Experian's security negligence put millions at risk of identity theft.Now they're lobbying Congress to get off the hook.

Experian should have used basic security practices to protect our data; they didn't. Now, 15 million T-Mobile customers’ sensitive information has been stolen by identity thieves. And this isn't the first time. In fact, Experian has been breached more than 100 times. But instead of improving their security, Experian is spending millions lobbying Congress to pass CISA, a bill that could give them total legal immunity when they get hacked, as long as they share your personal information with the government. If they get away with it, we’ll never be able to hold companies accountable when their negligence puts our safety and privacy at risk. We need to draw a line in the sand, right now.

Sign the petition calling for Experian's CEO to resign:

Millions of people trust Experian with their most personal information, and they've violated that trust again and again. By spending money lobbying for legal immunity through CISA instead of improving their own security, they've betrayed and endangered every customer they've ever had. We demand that Experian's CEO Brian Cassin immediately resign, and that the company stop lobbying for bills like CISA and spend that money improving their security to prevent more catastrophes in the future.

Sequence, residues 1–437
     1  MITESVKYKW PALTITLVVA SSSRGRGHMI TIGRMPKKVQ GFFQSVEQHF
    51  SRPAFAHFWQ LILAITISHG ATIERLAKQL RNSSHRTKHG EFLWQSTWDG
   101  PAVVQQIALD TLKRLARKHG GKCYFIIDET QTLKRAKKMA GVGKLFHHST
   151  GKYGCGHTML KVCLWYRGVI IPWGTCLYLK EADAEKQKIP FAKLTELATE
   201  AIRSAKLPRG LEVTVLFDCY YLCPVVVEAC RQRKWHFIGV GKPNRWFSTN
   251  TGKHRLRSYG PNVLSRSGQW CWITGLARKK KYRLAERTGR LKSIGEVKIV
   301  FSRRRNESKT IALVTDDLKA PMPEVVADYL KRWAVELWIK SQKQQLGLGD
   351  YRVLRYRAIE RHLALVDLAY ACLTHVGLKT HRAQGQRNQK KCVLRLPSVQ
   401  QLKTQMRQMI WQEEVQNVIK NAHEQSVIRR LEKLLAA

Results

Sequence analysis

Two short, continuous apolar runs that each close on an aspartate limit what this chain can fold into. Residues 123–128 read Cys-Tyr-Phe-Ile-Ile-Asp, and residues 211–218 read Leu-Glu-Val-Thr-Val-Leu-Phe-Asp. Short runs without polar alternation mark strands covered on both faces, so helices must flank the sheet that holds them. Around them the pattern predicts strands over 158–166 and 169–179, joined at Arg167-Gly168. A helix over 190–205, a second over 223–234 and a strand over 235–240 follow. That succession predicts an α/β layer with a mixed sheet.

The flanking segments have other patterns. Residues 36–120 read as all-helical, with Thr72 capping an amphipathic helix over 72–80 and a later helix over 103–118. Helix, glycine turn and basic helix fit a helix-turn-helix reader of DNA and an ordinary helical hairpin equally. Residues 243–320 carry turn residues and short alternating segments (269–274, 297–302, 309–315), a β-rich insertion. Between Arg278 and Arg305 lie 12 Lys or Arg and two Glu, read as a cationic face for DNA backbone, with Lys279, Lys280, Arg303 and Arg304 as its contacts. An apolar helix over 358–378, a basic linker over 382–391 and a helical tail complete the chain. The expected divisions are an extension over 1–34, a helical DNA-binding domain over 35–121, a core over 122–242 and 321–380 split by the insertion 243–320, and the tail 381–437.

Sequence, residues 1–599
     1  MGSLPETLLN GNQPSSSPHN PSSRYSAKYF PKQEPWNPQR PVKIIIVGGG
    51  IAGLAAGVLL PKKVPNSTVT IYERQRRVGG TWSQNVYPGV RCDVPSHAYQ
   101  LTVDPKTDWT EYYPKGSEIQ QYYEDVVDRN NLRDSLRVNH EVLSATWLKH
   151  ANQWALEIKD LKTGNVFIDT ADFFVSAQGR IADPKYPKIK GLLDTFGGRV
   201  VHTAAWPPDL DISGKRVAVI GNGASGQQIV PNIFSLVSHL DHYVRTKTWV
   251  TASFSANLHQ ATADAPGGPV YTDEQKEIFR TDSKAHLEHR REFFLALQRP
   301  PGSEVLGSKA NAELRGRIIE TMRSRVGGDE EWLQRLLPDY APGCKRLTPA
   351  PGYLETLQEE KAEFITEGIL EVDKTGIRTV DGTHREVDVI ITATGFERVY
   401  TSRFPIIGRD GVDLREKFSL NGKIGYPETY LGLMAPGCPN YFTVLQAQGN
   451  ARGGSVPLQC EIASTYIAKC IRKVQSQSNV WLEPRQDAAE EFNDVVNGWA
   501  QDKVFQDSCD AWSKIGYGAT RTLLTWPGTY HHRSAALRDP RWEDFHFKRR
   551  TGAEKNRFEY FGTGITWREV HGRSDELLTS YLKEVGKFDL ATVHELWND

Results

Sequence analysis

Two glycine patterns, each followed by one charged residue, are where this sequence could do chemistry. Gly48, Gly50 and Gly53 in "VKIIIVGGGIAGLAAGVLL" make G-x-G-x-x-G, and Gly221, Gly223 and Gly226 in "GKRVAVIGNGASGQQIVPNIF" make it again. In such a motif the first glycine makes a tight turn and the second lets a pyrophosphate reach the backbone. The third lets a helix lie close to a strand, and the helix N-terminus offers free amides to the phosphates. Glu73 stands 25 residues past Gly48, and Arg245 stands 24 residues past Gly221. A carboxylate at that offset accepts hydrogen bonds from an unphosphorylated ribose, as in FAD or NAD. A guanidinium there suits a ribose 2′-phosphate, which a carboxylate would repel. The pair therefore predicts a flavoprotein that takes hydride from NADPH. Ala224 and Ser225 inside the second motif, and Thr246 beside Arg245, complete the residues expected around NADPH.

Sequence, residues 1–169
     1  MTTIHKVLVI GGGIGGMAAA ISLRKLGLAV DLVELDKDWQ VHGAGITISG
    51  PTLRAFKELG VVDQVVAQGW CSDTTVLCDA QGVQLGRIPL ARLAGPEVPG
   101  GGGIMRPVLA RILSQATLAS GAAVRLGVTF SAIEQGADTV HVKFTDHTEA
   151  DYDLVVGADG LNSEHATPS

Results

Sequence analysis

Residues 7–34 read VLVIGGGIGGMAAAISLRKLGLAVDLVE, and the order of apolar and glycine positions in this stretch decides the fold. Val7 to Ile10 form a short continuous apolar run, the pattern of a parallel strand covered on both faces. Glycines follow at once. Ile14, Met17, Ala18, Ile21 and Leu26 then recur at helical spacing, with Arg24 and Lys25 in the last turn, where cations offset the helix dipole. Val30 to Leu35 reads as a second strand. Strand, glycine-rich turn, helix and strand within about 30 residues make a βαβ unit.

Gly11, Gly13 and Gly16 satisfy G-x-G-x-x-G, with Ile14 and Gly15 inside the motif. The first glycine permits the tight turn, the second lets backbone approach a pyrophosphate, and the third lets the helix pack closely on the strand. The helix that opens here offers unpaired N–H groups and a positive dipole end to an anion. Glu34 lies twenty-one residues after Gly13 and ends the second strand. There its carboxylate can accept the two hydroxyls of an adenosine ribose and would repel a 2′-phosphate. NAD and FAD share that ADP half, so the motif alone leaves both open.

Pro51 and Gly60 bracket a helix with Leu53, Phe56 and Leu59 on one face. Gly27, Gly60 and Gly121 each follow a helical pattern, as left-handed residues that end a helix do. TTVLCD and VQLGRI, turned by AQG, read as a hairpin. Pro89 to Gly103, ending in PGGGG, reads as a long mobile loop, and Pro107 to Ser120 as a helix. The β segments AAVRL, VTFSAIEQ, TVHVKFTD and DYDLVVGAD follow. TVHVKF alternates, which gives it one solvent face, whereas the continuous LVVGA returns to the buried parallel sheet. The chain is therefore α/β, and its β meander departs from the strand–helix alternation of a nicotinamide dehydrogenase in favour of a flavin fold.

CEO Brian Cassin puts his profits above your safety by funding political corruption.

Under Cassin's leadership, Experian has spent millions of dollars lobbying Congress through cash donations and Political Action Committees. They've pushed legislation that would weaken data breach notification regulations. Their top recipients in the House of Representatives all voted in favor of PCNA, a spying bill that would allow them to share customer information with the government. And now they're supporting CISA, a bill that could broadly allow them to violate their privacy agreements with customers and get immunity for leaking peoples' information.

Brian Cassin has put the profits of his company above the well-being of his customers. His strategy is simple—by giving enough money to politicians, those politicians will hopefully pass legislation allowing him to duck responsibility for keeping his customers' data secure. Why bother improving their security when they can just legislate their way out of the messes they make?

But what's wrong with CISA?

CISA is not a real cybersecurity bill. It puts American citizens under more mass surveillance and opens up the doors to even more foreign cyber attacks.

Learn more about CISA

Dial 985-222-CISA to call Congress now.

Internet users demand meaningful cybersecurity legislation, not more mass surveillance. Millions have already spoken out, and there's still time to send Congress a clear message. Please call your representatives, and share this page to spread the word!

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